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DART Money Suggested as Dallas Pension Fix

Suggestion could reduce DART service in Dallas

Dallas leaders, looking everywhere for money to solve a Police and Fire Pension crisis, are looking now at the Dallas Area Rapid Transit agency.

DART receives proceeds from one cent of the Dallas sales tax rate. Dallas City Councilman Scott Griggs, also a member of the Police and Fire Pension Board, wants one-eighth of that one cent diverted to the ailing pension fund through a voter referendum in November.

Uncertainty about pensions is considered a major factor in the shrinking Dallas police force, while at the same time the city is reporting a surge in violent crime.

"This is not DART's money. It is taxpayers' money," Griggs said. "And taxpayers deserve a say with this giant crisis we're having, a pension crisis that's turning into a public safety crisis. Do I want to put that eighth of a penny in DART or reallocate it to a public safety fund?"

Griggs and Councilman Philip Kingston, also a pension board member, met with State Rep. Dan Flynn, R-Canton, about the idea in Austin this week. Flynn, who is chairman of the House Pension Committee, is working on a compromise plan to fix the Dallas Police and Fire Pension for approval in the current session of the Texas Legislature.

Currently the pension fund is estimated to be about $3.5 billion short of future obligations. Griggs said Flynn's compromise plan of increased contributions from taxpayers and employees, coupled with reduced future benefits for employees, would still leave the fund up to $600 million short.

Griggs said the $35 million his plan would raise from DART each year could offset talk of a "claw back" on promised retiree pension benefits to close that remaining gap.

"To me, the extent of that option, going $600 million, is shameful and immoral, that option. So we have a very difficult decision to make. Neither option is pleasant," Griggs said.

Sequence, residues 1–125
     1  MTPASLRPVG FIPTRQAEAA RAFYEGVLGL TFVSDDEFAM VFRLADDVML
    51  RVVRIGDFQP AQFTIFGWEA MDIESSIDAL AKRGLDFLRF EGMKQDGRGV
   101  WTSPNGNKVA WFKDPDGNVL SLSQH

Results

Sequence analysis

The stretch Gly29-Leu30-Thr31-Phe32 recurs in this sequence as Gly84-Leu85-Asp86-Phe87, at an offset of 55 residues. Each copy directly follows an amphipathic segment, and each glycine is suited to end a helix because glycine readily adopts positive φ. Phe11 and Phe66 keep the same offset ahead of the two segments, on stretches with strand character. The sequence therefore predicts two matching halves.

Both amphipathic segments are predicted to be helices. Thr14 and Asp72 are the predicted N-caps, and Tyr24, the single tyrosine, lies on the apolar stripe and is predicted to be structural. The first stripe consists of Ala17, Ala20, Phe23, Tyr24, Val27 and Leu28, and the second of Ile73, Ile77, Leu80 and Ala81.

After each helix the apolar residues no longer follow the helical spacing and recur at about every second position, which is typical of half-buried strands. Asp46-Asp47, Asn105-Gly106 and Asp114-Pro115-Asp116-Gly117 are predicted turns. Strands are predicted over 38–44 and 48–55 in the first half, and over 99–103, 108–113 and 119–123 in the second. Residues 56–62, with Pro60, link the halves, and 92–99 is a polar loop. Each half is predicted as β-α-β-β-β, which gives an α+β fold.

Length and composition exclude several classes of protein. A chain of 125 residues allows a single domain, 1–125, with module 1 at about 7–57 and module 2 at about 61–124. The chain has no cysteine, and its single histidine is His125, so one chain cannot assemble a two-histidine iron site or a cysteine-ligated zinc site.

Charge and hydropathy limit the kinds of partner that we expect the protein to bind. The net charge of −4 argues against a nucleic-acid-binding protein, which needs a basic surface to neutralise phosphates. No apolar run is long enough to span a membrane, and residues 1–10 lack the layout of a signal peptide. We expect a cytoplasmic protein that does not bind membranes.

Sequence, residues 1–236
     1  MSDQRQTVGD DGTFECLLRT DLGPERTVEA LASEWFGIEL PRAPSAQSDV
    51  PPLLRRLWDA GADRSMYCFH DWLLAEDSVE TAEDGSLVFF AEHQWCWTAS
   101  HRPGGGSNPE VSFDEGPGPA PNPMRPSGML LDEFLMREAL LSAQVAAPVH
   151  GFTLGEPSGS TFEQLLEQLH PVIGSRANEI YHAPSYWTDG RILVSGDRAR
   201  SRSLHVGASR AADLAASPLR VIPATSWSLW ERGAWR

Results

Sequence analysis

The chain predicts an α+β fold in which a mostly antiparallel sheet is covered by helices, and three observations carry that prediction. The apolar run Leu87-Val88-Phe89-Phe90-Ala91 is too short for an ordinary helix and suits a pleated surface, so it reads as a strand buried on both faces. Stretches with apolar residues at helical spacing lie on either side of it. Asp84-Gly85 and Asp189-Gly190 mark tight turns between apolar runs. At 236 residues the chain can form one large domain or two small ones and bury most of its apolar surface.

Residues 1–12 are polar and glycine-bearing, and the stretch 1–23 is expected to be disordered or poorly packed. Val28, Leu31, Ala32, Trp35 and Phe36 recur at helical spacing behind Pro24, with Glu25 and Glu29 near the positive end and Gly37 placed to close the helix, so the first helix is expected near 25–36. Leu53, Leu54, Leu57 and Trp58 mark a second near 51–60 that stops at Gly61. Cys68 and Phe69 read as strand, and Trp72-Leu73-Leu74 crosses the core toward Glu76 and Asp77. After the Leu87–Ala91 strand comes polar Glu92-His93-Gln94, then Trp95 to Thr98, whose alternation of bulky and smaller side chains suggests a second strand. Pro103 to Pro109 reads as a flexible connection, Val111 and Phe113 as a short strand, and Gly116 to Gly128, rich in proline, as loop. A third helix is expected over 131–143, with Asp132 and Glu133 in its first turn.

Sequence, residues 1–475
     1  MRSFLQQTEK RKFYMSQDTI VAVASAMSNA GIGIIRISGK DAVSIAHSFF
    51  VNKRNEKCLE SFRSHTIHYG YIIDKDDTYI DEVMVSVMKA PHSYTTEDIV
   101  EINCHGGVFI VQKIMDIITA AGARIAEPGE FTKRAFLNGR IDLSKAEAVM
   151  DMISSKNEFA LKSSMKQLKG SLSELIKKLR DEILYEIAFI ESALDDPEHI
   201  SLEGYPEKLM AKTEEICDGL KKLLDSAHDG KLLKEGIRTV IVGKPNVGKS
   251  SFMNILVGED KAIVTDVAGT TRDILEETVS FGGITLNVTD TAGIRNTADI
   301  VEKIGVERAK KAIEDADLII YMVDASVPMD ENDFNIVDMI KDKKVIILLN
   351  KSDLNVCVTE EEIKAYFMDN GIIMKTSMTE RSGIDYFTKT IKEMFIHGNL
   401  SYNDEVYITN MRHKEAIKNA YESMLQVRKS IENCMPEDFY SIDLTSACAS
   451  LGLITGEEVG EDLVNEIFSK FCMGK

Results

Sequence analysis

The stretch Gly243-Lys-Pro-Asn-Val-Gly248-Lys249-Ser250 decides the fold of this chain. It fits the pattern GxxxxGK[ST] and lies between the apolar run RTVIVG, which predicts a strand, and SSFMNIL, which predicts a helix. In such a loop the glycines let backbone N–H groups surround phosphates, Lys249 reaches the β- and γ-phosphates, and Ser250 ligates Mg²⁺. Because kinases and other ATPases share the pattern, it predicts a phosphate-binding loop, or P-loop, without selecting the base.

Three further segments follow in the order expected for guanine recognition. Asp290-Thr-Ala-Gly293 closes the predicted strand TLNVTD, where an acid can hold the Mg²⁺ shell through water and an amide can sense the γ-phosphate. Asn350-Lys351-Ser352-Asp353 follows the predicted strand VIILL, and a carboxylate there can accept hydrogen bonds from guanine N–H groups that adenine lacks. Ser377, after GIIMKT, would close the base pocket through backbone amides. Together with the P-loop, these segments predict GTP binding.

DART spokesman Morgan Lyons said current state law does not provide for dividing the one-cent sales tax and doing so would cripple the agency's Dallas service.

"That would be devastating on our operations and capital projects. It would be particularly devastating to customers in Dallas because this would be a decision that Dallas would make and so the cuts would wind up in Dallas," Lyons said.

Dallas Councilman Erik Wilson, who is also a pension board member, said his Southern Dallas district needs better bus service and he opposes any DART funding cut.

"DART didn't get us into this, so it should not be a DART responsibility to get us out of this," Wilson said.

Furthermore, Wilson believes the current Flynn compromise plan includes an overly optimistic 7.25-percent forecast for rate of return on pension fund investments that could make the $600 million projected shortage even larger.

"The hole is really bigger, and until we actually get an identification on what that really is, it doesn't matter how much money we put into it," Wilson said.

High interest promised on deferred retirement option plan (DROP) accounts that could not be supported by fund investments is one of the problems that got the fund into this situation. There were also inflated values on risky real estate investments that were drastically marked down later. Current board members have said an FBI investigation of past fund practices and leadership is underway.

Mayor Mike Rawlings sued the pension fund with his own money to restrict DROP withdrawals. Rawlings strongly opposes tax increases to fix the pension problem and his chief of staff said Friday that Rawlings also opposes taking money from DART.

Wilson said more negotiation is needed with all the parties on a solution.

"It's going to be painful," Wilson said. "We said this at the beginning. This is not going to be easy."

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